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Catching up:

YouTube is making $7.5 million a month –Everyone has been guessing whether YouTube is profitable, given the high costs it faces hosting all its videos. This guy says YouTube is doing $7.5 million a month in ads, and is profitable.

FON, the company that wants to encourage people to share their WiFi routers, having problems? — The general manager of US division has left. We’re beginning to think this Fon idea my be too clunky to fly. You buy a router to let other people use it, and it lets you tap into other peoples’ FON routers when you travel. It is a chicken and egg problem; Why buy it, unless you know lots of others have bought it too? Problem is, there are so many ways to get online these days. For starters, FON’s own backer, Google, is building out free networks. Google is using a WiFi router built by Mountain View’s Meraki.

Filmloop to launch online versionFilmloop, which let people create slideshows on their desktops and then have friends see updated versions automatically on their own computers, has created an online (browser) version too. It’s facing plenty of competition, but says more than 1 million users have uploaded 42 million photos.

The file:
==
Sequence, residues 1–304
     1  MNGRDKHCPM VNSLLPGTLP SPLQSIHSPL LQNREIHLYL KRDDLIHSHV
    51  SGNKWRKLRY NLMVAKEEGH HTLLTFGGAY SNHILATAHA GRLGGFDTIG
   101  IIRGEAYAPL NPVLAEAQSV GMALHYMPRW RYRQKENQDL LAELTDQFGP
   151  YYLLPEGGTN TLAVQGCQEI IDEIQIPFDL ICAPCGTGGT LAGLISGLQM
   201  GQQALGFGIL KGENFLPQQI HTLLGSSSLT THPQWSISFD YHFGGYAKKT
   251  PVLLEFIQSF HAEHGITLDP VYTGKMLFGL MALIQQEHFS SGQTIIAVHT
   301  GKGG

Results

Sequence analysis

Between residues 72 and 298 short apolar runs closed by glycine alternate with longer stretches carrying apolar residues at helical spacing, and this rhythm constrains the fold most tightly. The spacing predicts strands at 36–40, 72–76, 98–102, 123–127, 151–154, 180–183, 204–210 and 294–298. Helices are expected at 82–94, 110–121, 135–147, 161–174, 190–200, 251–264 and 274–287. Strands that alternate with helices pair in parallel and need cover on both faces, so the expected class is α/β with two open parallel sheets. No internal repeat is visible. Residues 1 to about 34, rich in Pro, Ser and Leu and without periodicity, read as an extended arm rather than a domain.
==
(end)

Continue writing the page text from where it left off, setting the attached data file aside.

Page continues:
Time for these podcasting services to make money — Evan Williams, of podcasting start-up Odeo, is making some public confessions about having trouble, and he is shutting Audioblogger, which allowed you to post on your blog via a telephone call. (Details here.) So eyes have turned to how these companies can make money. PodZinger, an audio and video search engine of Cambridge, Mass., has just launched a way for podcasters to insert advertising in both audio and video files. It says it has “content classification” technology which allows it to match ads to the podcaster’s content. It also says it has algorithms for analyzing a user’s “intent” and provides ad matches that way. The content creators, or podcasters, can decide whether or not they want the service, which can bring them extra revenue — which they share with PodZinger.

Ning’s video & photo move — The Silicon Valley start-up Ning, backed in part by Netscape founder Marc Andreessen, gives you multiple tools you build your own web site, as we’ve mentioned. Now it has released more stuff, including letting you customize your own niche, YouTube-like video site, or Flickr-like photo site. The company took us through a demo last week, and it’s easy to use. The video site gives your own embedded player that you can brand as your own, which you can place in your blog or at MySpace — but which runs on Ning’s servers, and so you aren’t paying hosting costs. Ning bets it can cover the costs by taking a share of the advertising revenue. It says its advertising is lucrative compared to some other sites, because its users are creating content-focused sites, and so can be targeted by advertisers appropriately. The ads are generating $2 or more per 1,000 page views, the company said.